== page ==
I think that there is nothing wrong with wearing it and showing support. Especially at the moment. It doesn't mean you are racist. It just means that you won't be intimidated by nutters.

Lovecat Thu 23-May-13 19:20:40

"part of being patriotic is supporting British items. Or people. Or armed forces."

Sorry, but bollocks.

Loving your country does not mean defending it right or wrong. One of the things I like about being British is that we're not blind to our faults.

Kneejerk patriotism makes me very uneasy. In fact I'm with Samuel Johnson on the subject.

AuntieStella Thu 23-May-13 19:34:56

H4H helps only those of recent conflicts because that it what its founders chose to do.

Others, notably RBL and SSAFA, help those from any conflict.

HesterShaw Thu 23-May-13 19:35:14

Is he the one who compared patriotism to being a loving parent, someone who loves the good things about their child, but who wants the bad things to improve. If you support the bad things about your country, then patriotism becomes nationalism or jingoism.

i intend wearing mine to school tomorrow, exdh was forces, my dad was forces and I assist with a support group for children of serving servicemen and women.

noddyholder Thu 23-May-13 20:04:24

Agree lovecat

Ilovemyself Thu 23-May-13 20:06:11

Lovecat. Where did I say defending it right or wrong?

I didn't.

Of course we would be horrified if a British person committed a similar act of terrorism in another country. Or a British product caused death or misery. Or if our armed forces acted in a way they shouldn't. And in those cases we would be ashamed a Brit could do such a thing.

So I stand by my original statement about patriotism. I was patriotic before yesterday and will continue to be for the rest of my life.

Saltire Thu 23-May-13 20:22:26

Iii dont support H4H all the time either for the reasons given bt Lt Eve. Instead we give to RBLS and rafbf and saaffa

Lovecat Thu 23-May-13 22:00:11

That's not what you said, to be fair, Ilovemyself. You made what was on the face of it a very sweeping statement that to be patriotic was to "support" our armed forces/products/people. No mention of degree or exclusions.

From reading your post I took you to mean that if you didn't support the armed forces (no matter what they do) then you weren't a patriot. My apologies if that's not the case.

Ilovemyself Thu 23-May-13 22:40:16

No problem lovecat. I am learning to be as specific as poss with posts on here lol.

AuntieStella Thu 23-May-13 22:55:15

You can hold the viewpoint that you support the Armed Forces, pretty much regardless, because it is not they who decide the missions they are deployed on. Britain is not ruled by the military.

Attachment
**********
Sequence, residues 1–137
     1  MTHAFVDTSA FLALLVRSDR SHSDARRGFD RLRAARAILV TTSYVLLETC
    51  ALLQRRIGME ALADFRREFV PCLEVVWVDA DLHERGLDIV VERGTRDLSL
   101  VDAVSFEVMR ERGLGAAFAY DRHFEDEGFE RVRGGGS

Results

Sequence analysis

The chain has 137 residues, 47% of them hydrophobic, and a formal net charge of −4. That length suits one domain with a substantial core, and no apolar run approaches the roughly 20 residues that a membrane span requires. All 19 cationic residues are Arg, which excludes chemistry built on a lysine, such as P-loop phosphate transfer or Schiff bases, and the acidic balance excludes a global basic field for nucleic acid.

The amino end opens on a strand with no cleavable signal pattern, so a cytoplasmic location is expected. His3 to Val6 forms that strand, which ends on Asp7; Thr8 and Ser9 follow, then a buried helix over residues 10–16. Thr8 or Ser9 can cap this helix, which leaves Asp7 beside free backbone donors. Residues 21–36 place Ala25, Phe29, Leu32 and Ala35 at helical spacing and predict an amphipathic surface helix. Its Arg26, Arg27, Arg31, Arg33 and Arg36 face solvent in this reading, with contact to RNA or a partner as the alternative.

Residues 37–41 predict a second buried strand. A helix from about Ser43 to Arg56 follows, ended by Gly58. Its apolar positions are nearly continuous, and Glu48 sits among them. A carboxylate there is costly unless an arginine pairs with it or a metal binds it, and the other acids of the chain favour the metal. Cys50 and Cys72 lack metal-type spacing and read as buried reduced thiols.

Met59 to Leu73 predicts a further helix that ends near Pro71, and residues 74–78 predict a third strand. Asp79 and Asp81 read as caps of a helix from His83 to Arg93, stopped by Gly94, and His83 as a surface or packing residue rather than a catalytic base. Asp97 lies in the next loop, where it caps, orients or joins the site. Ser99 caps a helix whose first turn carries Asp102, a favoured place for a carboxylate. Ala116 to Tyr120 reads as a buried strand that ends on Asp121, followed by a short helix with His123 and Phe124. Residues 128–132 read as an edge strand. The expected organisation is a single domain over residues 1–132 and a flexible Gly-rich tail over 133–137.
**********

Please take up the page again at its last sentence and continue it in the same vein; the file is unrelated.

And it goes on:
The responsibility for whether it is right or moral to engage force rests squarely with the Government who decide on the campaign, its parameters and its legality.

pigletmania Fri 24-May-13 00:07:29

Yanbu wear it with pride, forget the PC dogooders. Supporting the Armed forces, and showing support to the soldier who lost his life does not mean you support racism or Islamophobia.

peskyginge Fri 24-May-13 00:31:39

Yanbu and I like the assumption from quite a few on here that people who have Muslim beliefs would be offended by h4h......is that not a racist opinion in itself?!

seeker Fri 24-May-13 07:39:22

If the t shirt has been hijacked by the EDL then, while muslim people would have no right to be offended by it, they might justifiably be very wary.......

pigletmania Fri 24-May-13 09:47:30

Even if it's been hijacked by EDL who has also hacked many British symbols to support their racist ideologies, if you are wearing it to show support for the troops and of the poor soldier who died who cares.

seeker Fri 24-May-13 13:29:04

Well, I care abut making my peaceful neighbours worry that I might be a racist thug.......

AuntieStella Fri 24-May-13 13:34:05

I think EDL might have difficulty hijacking H4H, given its royal and other high profile supporters.

noddyholder Fri 24-May-13 13:52:38

Well they marched through brighton wearing the t shirts and rattling buckets so I would say that is pretty well hijacked Luckily they were run out of town by a huge crowd of locals and the police. Apparently they think the Pavilion is a mosque which shows the intelligence level

WilsonFrickett Fri 24-May-13 13:59:34

if you are wearing it to show support for the troops and of the poor soldier who died who cares.

But how does someone know that's why you're wearing it? How can someone know that just by looking at you? And again, we're talking about workwear, not what people wear when they're out shopping. The standards for what you wear at work are different.

littlediamond33 Fri 24-May-13 15:41:10

wear it with great PRIDE. I would if i had one.My thoughts are with the soldiers family and friends.

GoshAnneGorilla Fri 24-May-13 16:00:20

PeacefulSeagull - thank you for mentioned about the US. It is important to note that OTT rhetoric doesn't actually translate into providing decent care and treatment for "Our Boys". In a decent society HfH wouldn't need to exist.

I also absolutely think the Armed Forces should be open to criticism, just like any other public body. Otherwise you end up with things like the Deepcut barracks deaths, which were swept under the carpet.

ZombiesAreClammyDodgers Fri 24-May-13 18:03:55

YANBU.
if I had one I would wear it too.